“Mr President has directed that Nigeria will withdraw from all international football competition for the next two years to enable Nigeria to reorganise its football,” Ima Niboro, Jonathan’s senior communications adviser, said.
“This directive became necessary following Nigeria’s poor performance in the ongoing FIFA World Cup,” he said.
Nigeria were knocked out in the first round.
After meeting the country’s World Cup organising committee, Jonathan also said the accounts of the committee should be audited.
“If any financial misappropriation is discovered, all officials responsible will be held accountable,” Niboro said.
Jonathan’s decision came a day after the executive committee of the Nigerian Football Federation met to review the team’s first round exit, in which they picked up a single point and finished bottom of their group also containing South Korea, Greece and Argentina.
Niboro said the sports minister would be writing to FIFA shortly to inform them of the decision. He said the minister for the federal capital territory, Abuja, had been instructed to build a “Football House” where the team could be based.
“The problem of Nigerian football is structural. We need to reorganise the structures and there is need to withdraw from all international football competition so that we can put our house in order,” Niboro said.
A statement said the federation apologised to the “federal government and all football-loving Nigerians for the early ouster of the Super Eagles from the World Cup” and added Nigeria would seek to play more friendly matches to get more experience.
“It’s the right decision … President Jonathan has made a bold step to clean up the rot. We need to move the country in football,” John Fashanu, a former England footballer partly of Nigerian descent, told local sports radio.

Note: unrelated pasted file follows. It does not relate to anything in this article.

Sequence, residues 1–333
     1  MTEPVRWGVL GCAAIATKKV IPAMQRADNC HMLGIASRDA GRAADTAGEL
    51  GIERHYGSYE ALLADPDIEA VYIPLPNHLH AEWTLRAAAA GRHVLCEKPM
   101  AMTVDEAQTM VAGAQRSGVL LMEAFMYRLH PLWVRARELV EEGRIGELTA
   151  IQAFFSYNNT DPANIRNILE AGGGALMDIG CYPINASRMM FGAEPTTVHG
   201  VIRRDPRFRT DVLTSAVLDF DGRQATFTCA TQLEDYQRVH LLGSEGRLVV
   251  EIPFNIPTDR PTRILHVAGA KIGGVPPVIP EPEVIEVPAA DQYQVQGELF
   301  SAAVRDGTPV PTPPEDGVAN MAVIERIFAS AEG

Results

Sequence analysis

“We cannot be held to ransom by anybody.”
Some Super Eagles fans were shocked by the decision.
“Sounds to me like the president is trying to score cheap political points … the next major international competition is two years away anyway,” said one irate fan in Lagos, asking not to be named.
The NFF said it wanted Swedish coach Lars Lagerback, appointed on the eve of the finals, to stay and put together a wide-ranging programme to harness young talent.
The statement also said the federation disagreed with those claiming Nigerian soccer was in a dwindling state.
“No previous board has qualified Nigeria for all major tournaments internationally,” the statement said.
The government instruction to withdraw could prompt sanctions from FIFA, who have taken a strong stand against political interference in the sport.
A FIFA spokesman said: “We have had no official information from the Nigerian FA about this case specifically but in general FIFA’s policy towards political interference is well known. Our statutes do not allow for any political interference.”
Nigerian sporting administrators have often been accused of corruption and incompetence and the federation was roundly criticised after sacking coach Shaibu Amodu in February, just four months before the World Cup finals.
Amodu was dismissed because Nigeria only managed to finish third at the Nations Cup finals in Angola in January.
Nigeria were banned by the Confederation of African Football in 1996 when then President Sani Abacha withdrew the team from the African Nations Cup finals in South Africa because he had been criticised by Nelson Mandela over the judicial execution of political opponents.
They could not compete in African competition for two years but were able to qualify for the 1998 World Cup in France.
The CAF refused to comment on the Nigerian president’s decision when contacted on Wednesday. Reuters